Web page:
Soil test phosphorus (P) concentration has a major influence on the dissolved P concentration in runoff from agricultural soils. Thus, trends in soil test P partly determine the development of pollution potential of agricultural activities. We reviewed the changes of soil test P and P balances in Finnish agriculture, and assessed the current setting of P loss potential after two Agri-Environmental Programs. Phosphorus balance of the Finnish agriculture has decreased from +35 kg ha–1 of the 1980’s to about +8 kg P ha–1 today. As a consequence, the 50-yr upward trend in soil test P concentrations has probably levelled out in the late 1990’s, as suggested by sampling of about 1600 fields and by a modelling exercise. For the majority of our agricultural soils, soil test P concentrations are currently at a level at which annual P fertilization is unlikely to give measurable yield responses. Soils that benefit from annual P applications are more often found in farms specialized in cereal production, whereas farms specialized in non-cereal plant production and animal production have higher soil test P concentrations. An imbalance in P cycling between plant (feed) and animal production is obvious, and regional imbalances are a result of concentration of animal farms in some parts of the country. A major concern in future will be the fate of manure P in those regions where animal production intensity is further increasing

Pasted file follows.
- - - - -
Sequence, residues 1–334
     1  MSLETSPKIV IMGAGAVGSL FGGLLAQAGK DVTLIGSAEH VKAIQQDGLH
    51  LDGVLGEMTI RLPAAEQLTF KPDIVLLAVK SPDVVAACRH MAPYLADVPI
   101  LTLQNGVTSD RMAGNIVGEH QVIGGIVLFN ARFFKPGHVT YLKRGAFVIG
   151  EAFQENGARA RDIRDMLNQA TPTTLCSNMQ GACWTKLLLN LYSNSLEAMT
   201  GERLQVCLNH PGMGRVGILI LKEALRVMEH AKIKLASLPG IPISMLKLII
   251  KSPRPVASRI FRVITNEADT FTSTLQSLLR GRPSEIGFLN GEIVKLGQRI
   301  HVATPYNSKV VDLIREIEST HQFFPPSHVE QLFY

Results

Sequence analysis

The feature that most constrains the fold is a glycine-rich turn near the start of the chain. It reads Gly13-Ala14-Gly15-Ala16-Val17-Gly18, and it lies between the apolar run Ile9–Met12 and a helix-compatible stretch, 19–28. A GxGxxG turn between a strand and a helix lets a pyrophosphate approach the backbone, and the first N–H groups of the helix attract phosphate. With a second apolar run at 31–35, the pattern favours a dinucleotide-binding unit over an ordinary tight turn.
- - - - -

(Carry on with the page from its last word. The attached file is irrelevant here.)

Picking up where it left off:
To submit an update or takedown request for this paper, please submit an Update/Correction/Removal Request.